DOUGLAS COUNTY, Colo. — Monday got off to a rough start for some parents hoping to get their kids exempt from wearing masks in Douglas County schools.
"There was nothing really from the district that said who to hand it to and when to hand it in," said Molly Favero, a parent.
It gives students, teachers and staff permission to skip the masks as long as they submit a letter indicating how it's affecting their mental or physical health. Douglas County commissioners said the opt-out option is available under the public health order even if there's a mask requirement in place.
Favero says wearing a mask gives her first-grader at Pine Grove Elementary anxiety.
"I know that's the thing... Did she really have anxiety? She did," she said. "Like, she wasn't sleeping. And so I'm like, 'Why are we going through this?'"
She got a medical exemption, but she came to school Monday morning with a new, county-approved exemption letter in hand. She says she used the same language as the sample letter in the public health order:
I _________________, the parent of _________________, have made the determination that the wearing of a facial covering results in a net negative impact on the physical and/or mental health of my child and therefore claim an exemption for my child to any requirement to wear a face covering.
Her only problem was she wasn't sure who to submit it to, and she wasn't alone. She eventually submitted the letter to a teacher collecting them at the entrance of the school.
"There were multiple moms carrying letters and they were like, 'What do we do? Do we walk them in? Do we hand them in their backpacks? Are they for the teachers?' And it was kind of unclear what to do with them in the school," Favero said.
Administrators with Rock Canyon High School sent parents an email Monday asking them to submit the exemption requests online, as opposed to doing so in person, to make it easier for staff.
"Because requests have already been sent to various staff members, we kindly request that EVERYONE FILL OUT THIS FORM, even if you have submitted one already in person or via email to someone at RCHS. This will help us aggregate all requests in one place. We apologize for the duplication of work, but the form is very short. Please submit one request per student," the school said in the email.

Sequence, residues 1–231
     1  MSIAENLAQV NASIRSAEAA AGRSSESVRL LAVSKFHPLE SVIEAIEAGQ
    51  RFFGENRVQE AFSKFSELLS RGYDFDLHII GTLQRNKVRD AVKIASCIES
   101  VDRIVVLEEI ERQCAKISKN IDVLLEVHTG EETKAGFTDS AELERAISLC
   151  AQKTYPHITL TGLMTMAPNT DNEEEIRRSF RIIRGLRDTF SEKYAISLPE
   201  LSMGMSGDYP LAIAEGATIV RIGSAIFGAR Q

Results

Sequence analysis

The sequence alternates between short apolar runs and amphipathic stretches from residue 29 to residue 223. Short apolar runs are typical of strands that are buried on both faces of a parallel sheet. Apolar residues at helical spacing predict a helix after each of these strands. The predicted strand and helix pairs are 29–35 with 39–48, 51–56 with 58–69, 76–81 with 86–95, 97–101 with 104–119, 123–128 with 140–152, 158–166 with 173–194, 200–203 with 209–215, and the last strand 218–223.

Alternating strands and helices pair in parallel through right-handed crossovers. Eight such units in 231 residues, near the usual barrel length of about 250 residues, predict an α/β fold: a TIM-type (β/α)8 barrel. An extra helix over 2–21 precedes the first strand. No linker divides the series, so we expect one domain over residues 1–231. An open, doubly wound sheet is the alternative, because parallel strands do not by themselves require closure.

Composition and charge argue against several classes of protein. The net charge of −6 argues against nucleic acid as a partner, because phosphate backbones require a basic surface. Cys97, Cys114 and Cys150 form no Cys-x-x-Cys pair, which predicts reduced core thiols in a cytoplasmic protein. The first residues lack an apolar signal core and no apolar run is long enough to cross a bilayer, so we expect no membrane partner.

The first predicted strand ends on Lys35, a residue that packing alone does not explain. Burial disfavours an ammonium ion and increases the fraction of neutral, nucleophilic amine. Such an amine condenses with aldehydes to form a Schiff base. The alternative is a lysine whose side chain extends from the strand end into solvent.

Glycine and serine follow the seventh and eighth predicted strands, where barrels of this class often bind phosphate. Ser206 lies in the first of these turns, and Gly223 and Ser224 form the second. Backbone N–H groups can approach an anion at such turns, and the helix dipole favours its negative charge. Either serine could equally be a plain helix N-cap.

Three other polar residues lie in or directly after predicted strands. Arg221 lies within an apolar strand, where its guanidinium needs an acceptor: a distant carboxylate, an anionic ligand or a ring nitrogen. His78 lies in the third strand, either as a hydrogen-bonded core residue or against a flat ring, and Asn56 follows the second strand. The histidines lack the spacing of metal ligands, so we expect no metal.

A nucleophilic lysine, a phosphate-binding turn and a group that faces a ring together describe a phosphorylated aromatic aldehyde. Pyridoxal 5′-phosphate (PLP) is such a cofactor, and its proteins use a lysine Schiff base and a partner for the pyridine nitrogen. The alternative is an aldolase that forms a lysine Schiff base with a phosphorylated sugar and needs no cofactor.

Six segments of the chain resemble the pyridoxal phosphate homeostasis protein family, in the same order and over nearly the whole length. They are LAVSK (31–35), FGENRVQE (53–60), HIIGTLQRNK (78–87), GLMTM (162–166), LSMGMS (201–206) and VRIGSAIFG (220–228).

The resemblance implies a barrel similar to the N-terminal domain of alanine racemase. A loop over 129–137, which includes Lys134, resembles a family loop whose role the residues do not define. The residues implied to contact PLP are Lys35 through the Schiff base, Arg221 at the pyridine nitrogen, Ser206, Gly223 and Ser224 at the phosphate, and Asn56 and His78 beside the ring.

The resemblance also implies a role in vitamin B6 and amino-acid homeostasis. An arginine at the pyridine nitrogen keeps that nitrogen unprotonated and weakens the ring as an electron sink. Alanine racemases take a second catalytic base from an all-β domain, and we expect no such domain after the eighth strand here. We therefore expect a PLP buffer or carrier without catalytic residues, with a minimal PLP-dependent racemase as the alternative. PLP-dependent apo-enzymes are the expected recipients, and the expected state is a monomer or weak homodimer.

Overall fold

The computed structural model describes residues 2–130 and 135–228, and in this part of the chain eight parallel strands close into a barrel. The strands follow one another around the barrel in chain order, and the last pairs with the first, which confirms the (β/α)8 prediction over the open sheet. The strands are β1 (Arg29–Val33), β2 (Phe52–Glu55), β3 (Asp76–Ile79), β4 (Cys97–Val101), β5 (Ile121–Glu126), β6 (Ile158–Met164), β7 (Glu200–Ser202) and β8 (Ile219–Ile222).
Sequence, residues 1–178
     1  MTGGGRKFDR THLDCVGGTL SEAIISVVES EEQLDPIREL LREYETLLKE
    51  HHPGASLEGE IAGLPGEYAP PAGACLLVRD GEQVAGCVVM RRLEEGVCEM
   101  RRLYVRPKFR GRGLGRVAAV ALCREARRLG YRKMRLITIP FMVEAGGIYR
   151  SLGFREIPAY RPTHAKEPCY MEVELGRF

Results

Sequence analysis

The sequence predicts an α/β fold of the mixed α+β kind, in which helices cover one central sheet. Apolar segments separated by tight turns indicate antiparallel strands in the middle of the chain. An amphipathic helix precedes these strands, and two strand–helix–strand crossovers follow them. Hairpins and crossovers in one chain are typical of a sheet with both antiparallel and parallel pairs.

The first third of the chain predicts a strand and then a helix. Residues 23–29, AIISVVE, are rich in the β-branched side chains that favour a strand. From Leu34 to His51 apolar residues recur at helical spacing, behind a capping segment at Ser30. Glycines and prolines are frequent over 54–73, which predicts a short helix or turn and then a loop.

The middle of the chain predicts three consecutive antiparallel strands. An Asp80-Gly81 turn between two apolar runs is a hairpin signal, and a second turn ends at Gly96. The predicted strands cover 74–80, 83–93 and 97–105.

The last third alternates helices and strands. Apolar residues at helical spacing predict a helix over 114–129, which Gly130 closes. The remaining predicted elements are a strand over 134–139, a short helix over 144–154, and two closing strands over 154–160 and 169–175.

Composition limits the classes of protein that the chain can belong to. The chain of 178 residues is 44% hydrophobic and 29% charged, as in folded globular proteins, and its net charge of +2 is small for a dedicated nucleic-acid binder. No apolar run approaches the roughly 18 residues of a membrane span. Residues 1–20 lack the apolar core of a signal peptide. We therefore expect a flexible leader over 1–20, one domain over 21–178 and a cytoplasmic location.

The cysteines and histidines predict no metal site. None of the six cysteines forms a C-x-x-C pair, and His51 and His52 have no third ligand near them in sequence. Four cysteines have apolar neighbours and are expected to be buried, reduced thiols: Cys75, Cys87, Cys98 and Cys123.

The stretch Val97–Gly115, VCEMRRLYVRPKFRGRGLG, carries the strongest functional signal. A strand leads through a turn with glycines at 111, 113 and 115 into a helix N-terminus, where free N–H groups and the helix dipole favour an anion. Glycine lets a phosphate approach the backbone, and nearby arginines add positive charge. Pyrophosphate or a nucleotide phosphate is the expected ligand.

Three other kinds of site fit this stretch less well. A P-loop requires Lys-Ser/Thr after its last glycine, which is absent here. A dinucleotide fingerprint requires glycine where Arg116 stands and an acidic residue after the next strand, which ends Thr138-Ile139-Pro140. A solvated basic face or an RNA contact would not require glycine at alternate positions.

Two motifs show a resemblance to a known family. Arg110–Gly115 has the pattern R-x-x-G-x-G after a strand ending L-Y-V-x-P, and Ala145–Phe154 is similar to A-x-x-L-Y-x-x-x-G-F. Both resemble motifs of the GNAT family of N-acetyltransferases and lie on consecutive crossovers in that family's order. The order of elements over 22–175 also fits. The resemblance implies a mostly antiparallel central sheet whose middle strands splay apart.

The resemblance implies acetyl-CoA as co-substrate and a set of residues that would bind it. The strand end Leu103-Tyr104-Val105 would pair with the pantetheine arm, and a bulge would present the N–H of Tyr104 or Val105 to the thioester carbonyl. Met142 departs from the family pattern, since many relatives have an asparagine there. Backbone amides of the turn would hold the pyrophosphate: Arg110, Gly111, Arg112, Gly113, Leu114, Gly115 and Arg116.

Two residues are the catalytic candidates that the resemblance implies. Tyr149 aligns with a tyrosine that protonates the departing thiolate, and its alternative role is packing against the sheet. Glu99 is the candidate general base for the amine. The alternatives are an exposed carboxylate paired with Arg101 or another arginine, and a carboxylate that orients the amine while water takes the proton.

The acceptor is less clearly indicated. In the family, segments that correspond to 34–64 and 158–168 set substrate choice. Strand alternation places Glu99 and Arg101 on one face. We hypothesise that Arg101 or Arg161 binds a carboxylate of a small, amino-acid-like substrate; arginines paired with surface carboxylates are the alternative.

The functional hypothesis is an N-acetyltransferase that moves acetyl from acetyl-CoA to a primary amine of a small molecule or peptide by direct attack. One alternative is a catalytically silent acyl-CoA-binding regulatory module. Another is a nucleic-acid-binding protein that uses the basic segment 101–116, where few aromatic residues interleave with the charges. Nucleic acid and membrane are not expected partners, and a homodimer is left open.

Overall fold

In its two separate emails to parents this weekend, Douglas County School District had no mention of what to do with the letters, only that "parents and guardians may submit their written exemption requests directly to their school."
But the confusion doesn't end there.
"We have received a few. We're still waiting to see if we can accept those or not," said Nicole Bostel, director of communications for STEM School Highlands Ranch.
The school's administration sent families an email this weekend asking them to give the charter school more time to process the information contained in the new public health order.
"We felt like we just did not have enough time to discuss anything with teachers. We weren't given deadlines. We weren't given any type of direction as to how to implement anything," Bostel said.
There have also been mixed messages to the school as to whether it still follows Tri-County Health Department's rules.
"We have heard Tri-County has said to some parents, 'We're not overseeing you anymore,' but then the officials within Tri-County that we work with say, 'No, you're still under us through the rest of this year,'" Bostel said.
The school hopes to have everything figured out after the end of fall break, which begins next week.
Parents should consider contacting their school's administration to determine the best way to submit an exemption letter.